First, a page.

- Competitive price
The Spanish economy plays a major role on the wine pricing in Spain. The competition is fierce for any vineyards to survive when the country’s economy is soft. You not only have to make good wines, the price has to be competitive to keep consumers interested. Comparing the same quality of wine with other countries such as France, Spanish wines pricing is comparatively lower.
- Climate and soil for naturally good grapes
Spain is located on a peninsula and surrounded mostly by sea. Its landscape comprises of majorly mountainous, some lowlands and islands. The diversity of its geography, especially the mountains, provide terroir perfect for growing grape species that are strong with very little chance of disease and infection. The slope of the mountains and the height, ranging from 600metres to 2,500 metres, allow plenty of sunshine to the plants. An example would be the vineyard that produces Teso La Monja red wines, where it is warm during the day and cold at night, with well-drained soil that grows small grapes with thick skin and at the same time, hard for any disease to infest.
Tesa La Monja wines
- New technology
Spain a slightly behind their wine producing neighbours France and Italy when it comes to technology. Traditionally, grapes would be crushed and fermented in pottery or porcelain. Ageing would be in oak (pig skin even!) for as long as two decades, whether it’s red or white wines.
Then stainless steel tanks were introduced to Spanish wine makers which allows the wine to be processed in a more hygienic environment and fermentation more consistent. Bulk production of wines are now of better quality. Most vineyards still age their wines but in American or French oak which give stronger flavours.
- Maintaining traditional and natural methods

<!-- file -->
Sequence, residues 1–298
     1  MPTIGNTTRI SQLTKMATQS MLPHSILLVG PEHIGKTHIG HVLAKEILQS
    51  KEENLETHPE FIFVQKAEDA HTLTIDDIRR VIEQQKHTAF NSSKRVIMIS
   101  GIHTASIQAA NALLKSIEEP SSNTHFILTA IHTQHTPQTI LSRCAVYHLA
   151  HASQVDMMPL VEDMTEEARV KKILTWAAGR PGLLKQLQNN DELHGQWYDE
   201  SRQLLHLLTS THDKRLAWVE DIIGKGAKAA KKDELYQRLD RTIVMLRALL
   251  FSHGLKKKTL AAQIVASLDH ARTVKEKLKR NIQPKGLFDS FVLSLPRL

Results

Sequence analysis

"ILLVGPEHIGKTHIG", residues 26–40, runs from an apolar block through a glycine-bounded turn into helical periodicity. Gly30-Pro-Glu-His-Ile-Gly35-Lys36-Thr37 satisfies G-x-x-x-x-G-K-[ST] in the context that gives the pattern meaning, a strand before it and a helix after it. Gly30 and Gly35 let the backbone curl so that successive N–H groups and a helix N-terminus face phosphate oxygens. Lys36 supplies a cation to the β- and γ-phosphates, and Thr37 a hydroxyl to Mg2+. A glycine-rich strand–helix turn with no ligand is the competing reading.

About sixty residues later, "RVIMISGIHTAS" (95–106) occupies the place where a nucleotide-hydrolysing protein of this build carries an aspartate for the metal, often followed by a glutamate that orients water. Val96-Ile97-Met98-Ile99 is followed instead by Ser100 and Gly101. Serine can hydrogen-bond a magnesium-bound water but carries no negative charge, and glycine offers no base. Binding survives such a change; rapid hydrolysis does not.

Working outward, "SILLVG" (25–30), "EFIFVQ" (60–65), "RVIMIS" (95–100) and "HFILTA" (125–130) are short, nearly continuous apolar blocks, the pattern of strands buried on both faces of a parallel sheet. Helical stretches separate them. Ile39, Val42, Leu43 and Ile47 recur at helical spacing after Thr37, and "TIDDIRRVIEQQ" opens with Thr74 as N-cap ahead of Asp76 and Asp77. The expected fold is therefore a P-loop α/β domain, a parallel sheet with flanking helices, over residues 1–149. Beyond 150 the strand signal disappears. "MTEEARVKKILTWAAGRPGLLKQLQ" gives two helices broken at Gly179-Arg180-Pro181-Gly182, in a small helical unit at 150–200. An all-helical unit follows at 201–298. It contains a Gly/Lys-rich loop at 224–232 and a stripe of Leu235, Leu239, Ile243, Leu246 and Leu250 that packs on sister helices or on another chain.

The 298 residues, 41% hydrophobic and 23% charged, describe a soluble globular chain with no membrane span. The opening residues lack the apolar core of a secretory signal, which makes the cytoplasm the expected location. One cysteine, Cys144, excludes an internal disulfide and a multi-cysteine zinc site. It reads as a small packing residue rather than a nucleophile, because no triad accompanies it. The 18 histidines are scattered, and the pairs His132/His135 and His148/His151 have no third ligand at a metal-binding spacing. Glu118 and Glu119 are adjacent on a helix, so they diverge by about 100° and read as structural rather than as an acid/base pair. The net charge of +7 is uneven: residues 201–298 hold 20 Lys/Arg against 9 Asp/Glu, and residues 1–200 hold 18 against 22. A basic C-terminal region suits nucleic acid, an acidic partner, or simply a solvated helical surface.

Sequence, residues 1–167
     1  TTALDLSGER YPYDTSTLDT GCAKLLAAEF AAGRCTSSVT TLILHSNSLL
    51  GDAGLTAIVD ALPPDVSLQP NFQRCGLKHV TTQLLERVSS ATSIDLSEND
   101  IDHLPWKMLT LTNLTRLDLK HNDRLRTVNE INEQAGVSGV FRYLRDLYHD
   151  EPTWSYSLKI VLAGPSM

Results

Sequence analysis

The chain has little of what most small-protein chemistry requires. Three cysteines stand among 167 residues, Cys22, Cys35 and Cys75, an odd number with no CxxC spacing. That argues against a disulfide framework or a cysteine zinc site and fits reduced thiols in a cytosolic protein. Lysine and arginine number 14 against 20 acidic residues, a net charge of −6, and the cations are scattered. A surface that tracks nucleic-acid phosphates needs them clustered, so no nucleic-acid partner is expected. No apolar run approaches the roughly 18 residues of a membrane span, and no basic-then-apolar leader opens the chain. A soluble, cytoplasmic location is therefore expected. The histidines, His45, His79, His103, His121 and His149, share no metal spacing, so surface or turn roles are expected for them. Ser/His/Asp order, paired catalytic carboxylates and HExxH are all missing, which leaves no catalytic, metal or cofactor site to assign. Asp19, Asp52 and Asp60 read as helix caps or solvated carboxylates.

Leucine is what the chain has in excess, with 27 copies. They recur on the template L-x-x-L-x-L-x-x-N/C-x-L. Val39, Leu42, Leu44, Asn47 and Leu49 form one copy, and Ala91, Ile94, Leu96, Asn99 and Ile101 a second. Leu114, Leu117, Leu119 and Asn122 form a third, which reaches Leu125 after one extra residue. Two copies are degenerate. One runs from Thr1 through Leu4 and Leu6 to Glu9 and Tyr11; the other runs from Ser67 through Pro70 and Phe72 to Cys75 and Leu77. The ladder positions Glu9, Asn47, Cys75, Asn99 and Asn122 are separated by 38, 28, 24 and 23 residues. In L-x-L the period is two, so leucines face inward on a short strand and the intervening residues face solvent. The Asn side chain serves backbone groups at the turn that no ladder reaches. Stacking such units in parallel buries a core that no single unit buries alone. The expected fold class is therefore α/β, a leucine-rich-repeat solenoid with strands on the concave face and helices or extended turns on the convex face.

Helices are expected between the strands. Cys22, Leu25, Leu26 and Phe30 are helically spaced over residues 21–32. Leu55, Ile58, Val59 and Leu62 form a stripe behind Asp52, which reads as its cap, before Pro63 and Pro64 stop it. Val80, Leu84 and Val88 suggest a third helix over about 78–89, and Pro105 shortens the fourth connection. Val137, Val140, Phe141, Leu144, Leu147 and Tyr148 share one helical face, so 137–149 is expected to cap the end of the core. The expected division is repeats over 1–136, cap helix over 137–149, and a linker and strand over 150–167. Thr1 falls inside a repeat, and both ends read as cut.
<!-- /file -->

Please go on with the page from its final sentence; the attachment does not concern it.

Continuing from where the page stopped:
Even with the introduction of new technology to wine making in Spain, many wineries still maintain part of their tradition when it comes to the harmony with the nature. To many wine makers, the ecosystem of a vineyard is vital in producing ethical wines.
Teso La Monja grows its Tinta de Toro, one of Spanish famous red grape varietals, Tempranillo, in a totally organic environment. The movement of moon is observed for harvesting, no pesticides is used instead allowing the natural eco system to create a layer of protection towards the plants, allow s think coating of yeast to grow on the grapes skin, which in turn is used to ferment the wine itself.
All things are taken into consideration, including planting the vines in strong well-drained soil, and north facing mountains to preserve the vines which are between 60 to 130 years old. Traditional foot press method is applied to allow the grapes’ seeds to sink to the bottom of the tank and light pump-overs are used so to not crush the seeds that release the bitter taste into the juice. All these time-consuming methods are traditional but contribute to the fine quality and taste of these Spanish wines.
- Older than the old – native wine grapes and pre-philoxeric
Spain has the most extreme climate for growing grapes, this also means that grapes that survive this climate is on a tough survival mode. Spanish viticulture also see some of the oldest wine grape varietals and those that lived through phylloxera, a pest that almost wiped out all the grapevines in Europe in the 19th century.
American vines had to be grafted with the original European vines to survive this epidemic, but some of the original vines in Spain survived without the graft. One of them is the Tinta de Toro, which Victorino and Alabaster wines score as much as 99 points by Spanish wine critics such as Guia Proensa itself.
If you’re a fan of old world wine and has not been investing much in Spanish wines, this will be something to try. Soleil and La Cave stock good quality Spanish wines flown in from the country of origin and probably the only two places you get to try their natural wines. Get a head start with this trend before everyone else. You know what happens when a type of drink gets overly popular. We’ve experienced that with Japanese whisky haven’t we?